The Adaptation of Non-Medical Terminology:
In ME, non-medical words were often modified so as to meet the need for new terms to describe anatomy in the vernacular (Norri Entrances 115). Anatomical vocabulary metaphor was often used to compare a body part to an object of similar shape. In OE, the pupil of the eye was supposed to be a globular solid body, and was therefore known as the “apple” of the eye. In late ME, the word ball, as in eyeball, came to convey the same idea (Norri Entrances 116). The use of ball in reference to the testicle can first be seen in 1325 (Oxford English Dictionary, “ball,” n.15.b.).
The Coinage of New Terms:
Affixation and compounding were used in the formation of new terms for body parts, as they were for the creation of many words in ME. The use of suffixes was more common than the use of prefixes with the suffix –er found in many names of body parts such as hyngers (testicles, hanging parts), grinders (molars) and helpers (bones of the upper arms) (Norri Entrances 121). The prefix fore- can be seen in forefinger and foreskinne (Norri Entrances 120). Compounding, or the formation of a word through the combination of two or more other words, was used to structure the terminology of a variety of anatomical features. One example of a compound where neither part of the word is a medical term is lic-pot, a term referring to the index finger and to the habit of licking the pot clean once a meal has been completed (Norri Entrances 125).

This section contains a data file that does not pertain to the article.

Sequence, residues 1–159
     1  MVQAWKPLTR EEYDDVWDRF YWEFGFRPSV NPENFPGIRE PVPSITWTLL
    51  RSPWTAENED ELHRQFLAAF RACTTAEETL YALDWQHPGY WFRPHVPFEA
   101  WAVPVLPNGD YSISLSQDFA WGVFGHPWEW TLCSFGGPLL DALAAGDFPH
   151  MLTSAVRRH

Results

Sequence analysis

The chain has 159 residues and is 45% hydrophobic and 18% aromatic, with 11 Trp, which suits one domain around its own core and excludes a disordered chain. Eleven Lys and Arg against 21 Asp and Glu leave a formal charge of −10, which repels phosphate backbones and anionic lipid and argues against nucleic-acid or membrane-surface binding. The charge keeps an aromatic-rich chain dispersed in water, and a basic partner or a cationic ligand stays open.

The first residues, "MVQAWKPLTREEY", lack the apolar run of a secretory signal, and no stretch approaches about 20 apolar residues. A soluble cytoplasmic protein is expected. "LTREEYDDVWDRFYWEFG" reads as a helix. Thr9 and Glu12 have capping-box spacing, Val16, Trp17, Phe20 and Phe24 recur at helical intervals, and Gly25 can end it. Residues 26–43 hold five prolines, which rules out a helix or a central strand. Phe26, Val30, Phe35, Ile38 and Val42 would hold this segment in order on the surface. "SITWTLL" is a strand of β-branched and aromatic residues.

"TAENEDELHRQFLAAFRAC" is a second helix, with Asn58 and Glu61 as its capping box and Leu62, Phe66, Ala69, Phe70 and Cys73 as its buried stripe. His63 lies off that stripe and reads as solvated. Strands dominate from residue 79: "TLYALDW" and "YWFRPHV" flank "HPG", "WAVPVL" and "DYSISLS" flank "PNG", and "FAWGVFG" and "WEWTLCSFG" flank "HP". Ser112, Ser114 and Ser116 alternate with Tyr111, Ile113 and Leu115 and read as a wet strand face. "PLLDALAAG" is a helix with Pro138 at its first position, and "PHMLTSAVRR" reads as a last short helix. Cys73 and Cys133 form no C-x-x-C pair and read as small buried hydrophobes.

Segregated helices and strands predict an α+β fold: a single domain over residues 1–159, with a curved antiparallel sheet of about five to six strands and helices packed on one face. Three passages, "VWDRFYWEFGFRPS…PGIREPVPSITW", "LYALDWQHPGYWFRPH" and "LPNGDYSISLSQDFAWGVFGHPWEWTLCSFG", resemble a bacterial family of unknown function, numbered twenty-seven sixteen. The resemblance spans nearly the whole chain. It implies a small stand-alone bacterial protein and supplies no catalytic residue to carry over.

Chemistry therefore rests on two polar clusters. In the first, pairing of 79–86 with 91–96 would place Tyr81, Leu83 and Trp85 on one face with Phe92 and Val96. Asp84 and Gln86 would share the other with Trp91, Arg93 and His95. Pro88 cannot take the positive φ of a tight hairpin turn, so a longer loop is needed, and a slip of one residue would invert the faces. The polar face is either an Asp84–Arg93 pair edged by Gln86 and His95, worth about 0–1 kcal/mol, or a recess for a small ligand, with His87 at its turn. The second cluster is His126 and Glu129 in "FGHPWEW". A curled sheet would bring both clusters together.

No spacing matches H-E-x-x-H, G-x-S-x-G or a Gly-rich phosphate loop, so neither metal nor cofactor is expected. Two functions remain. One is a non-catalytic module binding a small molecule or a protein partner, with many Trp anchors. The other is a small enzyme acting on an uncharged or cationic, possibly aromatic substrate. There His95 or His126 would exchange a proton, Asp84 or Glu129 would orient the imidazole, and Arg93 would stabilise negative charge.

Present Day English:
Many ME anatomical terms proved to be impermanent and short-lived, fading after the middle of the sixteenth century (Norri Entrances 130). Lexical loss resulted primarily from the failure of new medical lexemes to catch on; many adoptions, adaptations, and coinages quickly disappeared from the language. Terms that made only a brief appearance and fell into disuse by 1550 include tentigo (clitoris) and cristallidos (lens of the eye) (Norri Entrances 131). Establishing the reason for the failure of a particular term to become a permanent facet of the language is often difficult. Explanations offered by Norri include phonetic change, an abundance of terms for the same body part, and the fact that some coinages were “semantically untoward” (Entrances 134). In present day English, synonymous terms have often survived in different registers. Buttocks, rump, seat, posterior, derriere, and rear, among other terms, all refer to the same part of the anatomy and range from more technical terms to slang. The formation of new terminology for body parts has continued in present day English. The term buns, for example, is a twentieth century adaptation of a non-medical term comparing a body part (the buttocks) to an object of similar shape.